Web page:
Washington Post Cable Ops Up in Q3, Broadcast Slides

Lower Political Ad Revenue Sinks Broadcast Division
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While broadcasting revenues were off at The Washington Post, the company’s cable operations logged double-digit growth.

Once again the absence of political advertising caused tough comparables versus 2006 in the company’s television-broadcasting unit as revenue dropped 5% to $77.8 million from $82.2 million. Political ad revenue in the quarter was down $7.6 million.

Operating income in the quarter increased 10% to $36 million from $32.9 million on the back of a $9.5 million gain on the sale of property at the company’s Miami television station.

Revenue from the company’s cable division was up 11% in the quarter to $157.8 million from $142.3 million largely on growth in the cable-modem and digital segments. Operating income in the division rose to $29.8 million from $27.9 million. Digital-cable subscribers grew 5% in the quarter, while high-speed-data subscribers rose 19%. In September, the company implemented a $3.05 monthly rate increase for a majority of its data subscribers. Subscribers to the phone service, which rolled out in Q2 2006, grew to 40,225 from 733 a year ago.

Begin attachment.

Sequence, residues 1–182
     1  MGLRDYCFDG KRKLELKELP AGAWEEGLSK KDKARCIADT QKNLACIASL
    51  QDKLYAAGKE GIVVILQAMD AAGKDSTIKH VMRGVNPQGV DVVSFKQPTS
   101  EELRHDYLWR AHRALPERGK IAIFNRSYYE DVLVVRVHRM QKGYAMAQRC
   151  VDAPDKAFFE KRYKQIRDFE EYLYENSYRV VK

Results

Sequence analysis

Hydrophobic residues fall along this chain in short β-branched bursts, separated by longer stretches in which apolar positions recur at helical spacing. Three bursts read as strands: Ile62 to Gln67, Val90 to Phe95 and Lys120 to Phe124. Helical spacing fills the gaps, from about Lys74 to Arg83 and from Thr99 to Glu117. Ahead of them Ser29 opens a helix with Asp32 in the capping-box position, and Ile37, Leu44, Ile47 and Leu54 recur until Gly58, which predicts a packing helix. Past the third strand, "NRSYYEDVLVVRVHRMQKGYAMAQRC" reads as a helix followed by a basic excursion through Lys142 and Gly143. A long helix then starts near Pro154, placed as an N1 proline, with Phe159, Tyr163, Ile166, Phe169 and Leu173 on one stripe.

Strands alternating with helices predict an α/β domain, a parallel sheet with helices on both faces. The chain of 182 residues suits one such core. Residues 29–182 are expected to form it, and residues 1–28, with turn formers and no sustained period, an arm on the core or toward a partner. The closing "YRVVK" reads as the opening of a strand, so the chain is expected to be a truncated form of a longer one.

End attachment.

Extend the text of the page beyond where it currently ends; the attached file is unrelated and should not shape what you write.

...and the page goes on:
Revenue at the company’s flagship newspaper division dropped 7% to $210.2 million and at its magazine division 18% to $62.5 million on declines in print-advertising revenue.

On a consolidated basis, revenue in the third quarter was up 8% to $1.02 billion from $947 million in the same quarter a year ago. Operating income was up 2% to $110.5 million from $108.6 million while net income was $72.5 million versus $73.3 million. Earnings per share were $7.60.